Training and Assessment in Urology: Perspective From a Third World Country
This paper aims to evaluate the current status and governance of formative assessment during surgical training in our country and compare this to the systems for formative assessments in developed countries, in particular the General Medical Council (GMC). Although continuous formative assessment is an essential component of quality surgical training, considering a lack of formal structures for such assessments and academic trends, it is often hard for institutions to conduct and/or monitor such activities and is thus often neglected and not given its due importance  . With regard to the current trend in postgraduate medical education in Pakistan, the quality of training programs is often measured by how well trainees perform during their assessments in exit examinations. Conventional surgical training has come a long way from the Halstedian model of the early 20th century. The curricula of the various postgraduate training programs offered by the surgical training programs are principally tailored to the needs and requirements of the local accrediting body, the College of Physicians and Surgeons Pakistan (CPSP). In order for an institution to be approved by the College, they must adhere to such criteria, after which a formal visitation of the campus by college officials is conducted. The College has set the guidelines and the benchmark standards and monitors and ensures standardization of training among various affiliated institutions in Pakistan.
To grasp how candidate assessments are encouraged by the CPSP, a detailed review of the urology handbook was done to see how the assessment has been carried out in this specialty. The CPSP is not much involved in how each individual training institution conducts its programs. For the specialty of urology, after clearing intermediate modules and doing their specialty training for 3-4 years, they are required to complete certain defined scholarly tasks, as well as regularly update their electronic procedure log [5,6]. Although the CPSP considers itself to follow a competency-based curriculum, has defined different competencies required for each level of trainees (observer, assistant, performed under supervision, and performed independently), and has made a recommendation that candidate competence should be structured by their level of training, there is no recommendation on how these candidates should be assessed through their training, as its essential focus is to certify that a candidate satisfies the minimum criteria to be a safe practitioner. In contrast to the CPSP, which focuses primarily on postgraduate training, the GMC covers a multitude of functions relating to clinical practice. As evident in their “Guidance on Assessments in Undergraduate Medical Education,” medical schools are encouraged to design their curricula and make appropriate provisions for both summative and formative assessments in their courses . The GMC makes sure to carry this approach toward assessment over into postgraduate training, and professional practice, as is described in “Excellence by design: standards for postgraduate curricula guidance on implementation for colleges and faculties” .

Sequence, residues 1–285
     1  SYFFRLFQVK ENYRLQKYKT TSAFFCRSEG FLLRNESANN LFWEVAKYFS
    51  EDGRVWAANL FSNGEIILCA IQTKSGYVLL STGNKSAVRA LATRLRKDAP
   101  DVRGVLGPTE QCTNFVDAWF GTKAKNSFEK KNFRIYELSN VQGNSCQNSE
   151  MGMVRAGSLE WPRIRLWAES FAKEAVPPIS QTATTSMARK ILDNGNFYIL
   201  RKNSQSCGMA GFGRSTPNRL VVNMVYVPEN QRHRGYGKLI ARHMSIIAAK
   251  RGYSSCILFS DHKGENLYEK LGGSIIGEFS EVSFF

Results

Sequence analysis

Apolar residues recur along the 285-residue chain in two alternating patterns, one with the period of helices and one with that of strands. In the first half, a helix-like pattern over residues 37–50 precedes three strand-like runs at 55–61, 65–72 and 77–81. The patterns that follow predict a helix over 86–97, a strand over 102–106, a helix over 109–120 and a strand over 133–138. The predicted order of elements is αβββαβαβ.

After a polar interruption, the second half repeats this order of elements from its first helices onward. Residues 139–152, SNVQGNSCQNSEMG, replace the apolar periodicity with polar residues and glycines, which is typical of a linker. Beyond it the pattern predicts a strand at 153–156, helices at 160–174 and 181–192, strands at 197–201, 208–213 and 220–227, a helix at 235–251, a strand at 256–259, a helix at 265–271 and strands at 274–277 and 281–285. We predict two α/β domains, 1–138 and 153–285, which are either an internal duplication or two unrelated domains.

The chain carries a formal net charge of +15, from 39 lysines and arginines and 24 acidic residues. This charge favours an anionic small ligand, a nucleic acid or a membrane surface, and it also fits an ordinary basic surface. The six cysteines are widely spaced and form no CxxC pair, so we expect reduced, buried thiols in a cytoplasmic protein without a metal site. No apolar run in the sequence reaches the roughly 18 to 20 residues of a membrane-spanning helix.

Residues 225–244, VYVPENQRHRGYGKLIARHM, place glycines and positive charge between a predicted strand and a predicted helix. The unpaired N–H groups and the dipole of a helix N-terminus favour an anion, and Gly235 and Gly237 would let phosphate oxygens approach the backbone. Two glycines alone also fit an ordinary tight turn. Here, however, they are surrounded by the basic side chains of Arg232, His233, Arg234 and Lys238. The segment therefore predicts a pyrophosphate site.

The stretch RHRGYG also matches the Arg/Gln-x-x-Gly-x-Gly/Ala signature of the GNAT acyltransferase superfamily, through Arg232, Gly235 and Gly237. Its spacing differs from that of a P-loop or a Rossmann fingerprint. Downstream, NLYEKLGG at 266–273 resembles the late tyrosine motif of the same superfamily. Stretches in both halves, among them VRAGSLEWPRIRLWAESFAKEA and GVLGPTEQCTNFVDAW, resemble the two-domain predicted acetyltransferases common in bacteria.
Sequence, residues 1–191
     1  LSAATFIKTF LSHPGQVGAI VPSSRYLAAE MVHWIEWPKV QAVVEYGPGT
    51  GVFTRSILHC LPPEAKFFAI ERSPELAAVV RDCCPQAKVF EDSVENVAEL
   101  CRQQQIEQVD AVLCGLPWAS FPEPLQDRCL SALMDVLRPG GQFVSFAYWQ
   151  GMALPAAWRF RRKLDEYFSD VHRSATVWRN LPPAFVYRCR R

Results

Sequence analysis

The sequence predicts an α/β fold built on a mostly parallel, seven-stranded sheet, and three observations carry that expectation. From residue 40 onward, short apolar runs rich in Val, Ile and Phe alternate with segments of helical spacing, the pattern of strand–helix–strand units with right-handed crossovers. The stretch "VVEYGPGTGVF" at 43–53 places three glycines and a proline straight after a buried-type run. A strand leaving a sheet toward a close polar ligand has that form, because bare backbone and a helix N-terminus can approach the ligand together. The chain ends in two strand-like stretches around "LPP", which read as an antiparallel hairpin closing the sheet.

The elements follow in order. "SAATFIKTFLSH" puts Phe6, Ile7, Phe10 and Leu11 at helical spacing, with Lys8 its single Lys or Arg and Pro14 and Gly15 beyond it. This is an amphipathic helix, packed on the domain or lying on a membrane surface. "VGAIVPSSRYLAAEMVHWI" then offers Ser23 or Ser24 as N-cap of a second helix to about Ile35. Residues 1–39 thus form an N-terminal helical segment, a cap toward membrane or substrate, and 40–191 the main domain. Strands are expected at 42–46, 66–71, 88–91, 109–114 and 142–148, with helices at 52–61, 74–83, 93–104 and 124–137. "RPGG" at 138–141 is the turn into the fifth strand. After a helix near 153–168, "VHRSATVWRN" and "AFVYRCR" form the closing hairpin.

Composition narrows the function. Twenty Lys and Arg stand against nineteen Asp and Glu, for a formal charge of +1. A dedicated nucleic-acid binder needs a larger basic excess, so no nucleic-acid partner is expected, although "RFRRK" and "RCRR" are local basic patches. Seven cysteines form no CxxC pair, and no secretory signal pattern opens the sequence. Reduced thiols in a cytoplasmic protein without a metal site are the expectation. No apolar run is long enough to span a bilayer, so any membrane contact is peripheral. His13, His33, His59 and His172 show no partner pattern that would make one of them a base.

According to their guidance on “Designing and maintaining postgraduate assessment programs,” formative assessments should require and enable interaction between learners, assessors, teams, and patients . The GMC describes formative assessment as “Supervised Learning Events” (SLE) and summative assessment as “Assessments of Performance” (AoP) . In terms of assessment strategies and functionality, the GMC is very robust and well structured and offers guides and recommendations at multiple levels of training and practice. From a more practical standpoint, it is probably unjust to compare the CPSP to the GMC. Taking a glance at institutional practices in Pakistan, it should be emphasized that the programs have been structured to reflect the requirements of the CPSP in general.
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